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'* God will add some one to you for my pravers. A "man would almost be content to die (if there were "no other benefit in death) to hear of so much sort' row, and so much good testimony from good men "as I (God be blessed for it) did upon the report of "my death; yet I perceive it went not through all; "for one writ to me that some (and he said of my "friends) conceived I was not so ill as I pretended, "but withdrew myself to live at case, discharged of "preaching. It is an unfriendly, and, God. knows, "an ill.grounded interpretation; for I have always "been sorrier when I could not preach than any could "be they could not hear me. It hath been my desire, "and God may be pleased to grant it, that I might "die in the pulpit; if not that, yet that I might take "my death in the pulpit, that is, die the sooner by "occasion of those labours. Sir, I hope to see you "piesently after Candlemas, about which time will "fall my Lent.sermon at court, except my Lord '* Chamberlain believe me to be dead, and so leave me *' out of the roll; but as long as I live, and am not "speechless, I would not willingly decline that ser. "vice. I have better leisure to write than you to read, "yet I would not willingly oppress you with too much "letter. God bless you and your son, as I wish. "Your poor friend and servant in Christ Jesus,

." J. Donne."

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Before that month ended he was appointed to preach upon his old constant day, the first Friday in Lent: he had notice of it, and had in his sickness so prepared for that employment, that as he had long thirsted for it, so he resolved his weakness should not hinder his journey; he came, therefore, to London some few days before his appointed day of preaching. At his coming thither many of his friends (who with sorrow saw his sickness had left him only so much flesh as did only cover his bones) doubted his strength to perform that task, and did therefore dissuade him from undertaking it, assuring him, however, it was like to short en his life; but he passionately denied their requests, saying, " He would not doubt that that God, who in so "many weaknesses had assisted him with an unex. "peeled strength, wculd. now withdraw it in his last "employment," professing an holy ambition to perform that sacred work. And when, to the ama2ement of some beholders, he appeared in the pulpit, many of them thought he presented himself not to preach mortification by a living voice, but monality by a decayed body and dying face; and, doubtless, many did secretly ask that question in E2ekiel, " Do these banes live ? * "or can that sou! organi2e that tongue to speak so "longtime as the sand in that glass will move towards

* Eiek. xxxvii. j.

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"become my nightly meditation upon my bed, which *" my infirmities have now made restless to me: but *' at this present time I was in a serious contemplation *' of the providence and goodness of God to me, who "am less than the least of his mercies; and looking "back upon my life past, I now plainlysee it was his "hand that prevented me from ail temporal employ. *' ment, and it was his will that I should never settle "nor thrive till I entered into the ministry; in which "I have now lived almost twenty years, (I hope *o his "glory) and by which, I most humbly thank him, I "have been enabled to requite most of those friends "which shewed me kindness when my fortune was "very low, as God knows it was; and (as it hath oc. "casioned the expression of my gratitude) I thank "God most of them have stood in need of my requital. '** I have lived to be useful and comfortable to my good " Sir George Moor, whose patience God "hath been pleased to exercise with many temporal "crosses; I have maintained my own mother, whom "it hath pleased God, after a plentiful fortune in her "younger days, to bring to a great decay in her very "old age; I have quieted the consciences of many "that have groaned under the burthen of a wounded "spirit, whose prayers I hope are available for me. I "cannot plead innocency of life, especially of my "youth; but I am to be judged by a merciful God, "who is not willing to see what I have done amiss:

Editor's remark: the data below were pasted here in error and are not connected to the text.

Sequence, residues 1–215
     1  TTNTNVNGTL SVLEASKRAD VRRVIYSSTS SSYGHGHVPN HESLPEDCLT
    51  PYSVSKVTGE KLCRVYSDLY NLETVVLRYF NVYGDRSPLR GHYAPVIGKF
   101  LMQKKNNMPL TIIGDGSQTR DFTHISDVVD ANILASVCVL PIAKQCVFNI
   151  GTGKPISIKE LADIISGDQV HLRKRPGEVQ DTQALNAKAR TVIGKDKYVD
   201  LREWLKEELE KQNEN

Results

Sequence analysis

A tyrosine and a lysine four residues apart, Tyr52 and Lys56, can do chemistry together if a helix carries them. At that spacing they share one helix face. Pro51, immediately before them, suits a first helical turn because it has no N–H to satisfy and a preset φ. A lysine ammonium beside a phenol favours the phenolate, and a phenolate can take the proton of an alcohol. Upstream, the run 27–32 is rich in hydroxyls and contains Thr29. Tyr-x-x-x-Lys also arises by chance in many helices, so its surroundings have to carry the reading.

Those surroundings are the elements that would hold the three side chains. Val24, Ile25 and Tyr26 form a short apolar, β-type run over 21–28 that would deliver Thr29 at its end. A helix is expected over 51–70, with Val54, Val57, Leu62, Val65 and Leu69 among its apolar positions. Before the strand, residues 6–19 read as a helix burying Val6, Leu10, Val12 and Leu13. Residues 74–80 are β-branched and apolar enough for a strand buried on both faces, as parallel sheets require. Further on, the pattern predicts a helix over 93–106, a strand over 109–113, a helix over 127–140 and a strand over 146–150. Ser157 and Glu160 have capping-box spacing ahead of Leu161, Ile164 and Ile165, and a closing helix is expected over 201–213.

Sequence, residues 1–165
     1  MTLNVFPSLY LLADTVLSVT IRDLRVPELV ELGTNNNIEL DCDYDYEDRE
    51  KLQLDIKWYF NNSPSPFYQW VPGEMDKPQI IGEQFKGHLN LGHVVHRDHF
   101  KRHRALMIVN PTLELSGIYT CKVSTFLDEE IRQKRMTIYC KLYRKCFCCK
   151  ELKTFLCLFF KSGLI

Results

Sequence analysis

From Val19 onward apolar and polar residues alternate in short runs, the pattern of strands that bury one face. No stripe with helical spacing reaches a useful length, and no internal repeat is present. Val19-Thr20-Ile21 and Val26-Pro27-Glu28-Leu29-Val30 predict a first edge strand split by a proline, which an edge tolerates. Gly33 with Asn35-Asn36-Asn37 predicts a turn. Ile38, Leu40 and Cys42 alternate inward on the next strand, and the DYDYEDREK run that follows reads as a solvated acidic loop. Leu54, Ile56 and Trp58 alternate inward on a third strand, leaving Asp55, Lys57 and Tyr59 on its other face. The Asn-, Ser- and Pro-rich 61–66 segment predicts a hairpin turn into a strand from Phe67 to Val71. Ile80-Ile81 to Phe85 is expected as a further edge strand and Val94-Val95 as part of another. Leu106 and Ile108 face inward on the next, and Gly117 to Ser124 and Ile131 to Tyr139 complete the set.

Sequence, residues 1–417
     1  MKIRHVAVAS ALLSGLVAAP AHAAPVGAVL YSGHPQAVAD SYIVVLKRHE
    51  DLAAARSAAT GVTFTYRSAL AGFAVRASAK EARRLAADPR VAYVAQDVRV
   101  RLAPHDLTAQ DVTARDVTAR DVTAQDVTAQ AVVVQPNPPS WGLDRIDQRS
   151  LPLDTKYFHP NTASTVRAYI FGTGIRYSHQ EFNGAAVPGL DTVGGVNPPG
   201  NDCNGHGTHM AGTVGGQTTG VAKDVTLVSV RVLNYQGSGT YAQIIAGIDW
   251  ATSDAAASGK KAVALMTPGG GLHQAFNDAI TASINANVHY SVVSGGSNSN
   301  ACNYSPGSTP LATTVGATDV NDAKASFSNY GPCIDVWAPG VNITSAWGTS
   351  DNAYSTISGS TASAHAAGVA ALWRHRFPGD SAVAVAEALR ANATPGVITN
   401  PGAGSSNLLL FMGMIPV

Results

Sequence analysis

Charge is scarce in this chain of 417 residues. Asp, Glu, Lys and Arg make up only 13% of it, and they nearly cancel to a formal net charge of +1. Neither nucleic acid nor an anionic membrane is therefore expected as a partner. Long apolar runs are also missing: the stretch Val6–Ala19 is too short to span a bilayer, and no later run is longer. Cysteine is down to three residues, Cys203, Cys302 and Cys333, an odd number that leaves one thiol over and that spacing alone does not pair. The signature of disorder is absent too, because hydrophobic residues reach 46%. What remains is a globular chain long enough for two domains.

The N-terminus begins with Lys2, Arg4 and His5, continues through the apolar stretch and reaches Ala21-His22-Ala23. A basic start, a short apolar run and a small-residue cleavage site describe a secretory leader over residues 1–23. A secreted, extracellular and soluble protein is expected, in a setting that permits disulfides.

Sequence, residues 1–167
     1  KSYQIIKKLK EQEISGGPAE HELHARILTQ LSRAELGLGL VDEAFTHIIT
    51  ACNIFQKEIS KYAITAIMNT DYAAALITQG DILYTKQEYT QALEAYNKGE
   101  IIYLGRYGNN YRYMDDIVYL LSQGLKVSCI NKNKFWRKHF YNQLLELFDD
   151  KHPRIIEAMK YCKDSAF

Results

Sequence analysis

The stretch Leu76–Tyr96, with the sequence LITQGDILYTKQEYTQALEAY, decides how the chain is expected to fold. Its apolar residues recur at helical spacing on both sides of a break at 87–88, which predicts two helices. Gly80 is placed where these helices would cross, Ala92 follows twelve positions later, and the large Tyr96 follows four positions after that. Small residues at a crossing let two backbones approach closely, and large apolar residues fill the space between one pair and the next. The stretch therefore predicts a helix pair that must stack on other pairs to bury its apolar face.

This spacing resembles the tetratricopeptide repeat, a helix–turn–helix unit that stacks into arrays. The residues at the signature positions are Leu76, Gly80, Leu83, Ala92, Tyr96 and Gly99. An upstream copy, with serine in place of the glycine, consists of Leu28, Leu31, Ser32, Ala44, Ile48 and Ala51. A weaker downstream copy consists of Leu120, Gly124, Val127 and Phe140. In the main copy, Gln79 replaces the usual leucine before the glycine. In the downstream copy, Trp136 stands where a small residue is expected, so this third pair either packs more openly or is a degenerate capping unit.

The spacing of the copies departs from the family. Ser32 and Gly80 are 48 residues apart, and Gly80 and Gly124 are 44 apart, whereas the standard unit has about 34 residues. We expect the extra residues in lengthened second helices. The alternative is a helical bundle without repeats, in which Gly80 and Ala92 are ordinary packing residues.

"and though of myself I.have nothing to present to "him but sins and misery, yet I know he looks not "upon me now as I am of myself, but as I am in my "Saviour, and hath given me, even at this time, some *' testimones by his holy Spirit, that I am of the num"berof his elect: I am therefore full of joy, and shall '' die in peace."

I must here look so far back as to tell the reader that at his first return out of Essex to preach hi, last sermon, his old friend and physician, Dr. Fox, a man of great worth, came to him to consult his health; and that after a sight of him, and some queries concerning his distempers, he told him, " That by cor"dials and drinking milk twenty days together, there "was a probability of his restoration tohealth;" but be passionately denied to drink it. Nevertheless Dr. Fox, who loved him most entirely, wearied him with solicitations, till he yielded to take it for ten days; at the end of which time he told Dr. Fox, "he had "drunk it more to satisfy him than to recover his "health; and that he would not drink it ten days "longer upon the best moral assurance of having »' twenty years added to his life, for he loved it not; •' and that lie was so far from fearing death, which is "the king of terrors, that he longed for the day of his •' dissolution." *

It is observed, that a desire of glory or comraenda

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